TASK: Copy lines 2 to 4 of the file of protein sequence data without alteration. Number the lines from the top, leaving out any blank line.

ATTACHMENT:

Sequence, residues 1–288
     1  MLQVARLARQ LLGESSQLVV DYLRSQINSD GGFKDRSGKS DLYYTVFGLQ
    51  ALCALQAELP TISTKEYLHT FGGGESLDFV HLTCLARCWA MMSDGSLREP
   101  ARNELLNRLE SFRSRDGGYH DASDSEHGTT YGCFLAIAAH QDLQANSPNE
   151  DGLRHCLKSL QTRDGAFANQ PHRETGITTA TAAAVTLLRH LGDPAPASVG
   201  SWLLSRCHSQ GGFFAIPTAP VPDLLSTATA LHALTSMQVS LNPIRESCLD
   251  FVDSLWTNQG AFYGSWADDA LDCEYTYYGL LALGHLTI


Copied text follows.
     1  MLQVARLARQ LLGESSQLVV DYLRSQINSD GGFKDRSGKS DLYYTVFGLQ
    51  ALCALQAELP TISTKEYLHT FGGGESLDFV HLTCLARCWA MMSDGSLREP
   101  ARNELLNRLE SFRSRDGGYH DASDSEHGTT YGCFLAIAAH QDLQANSPNE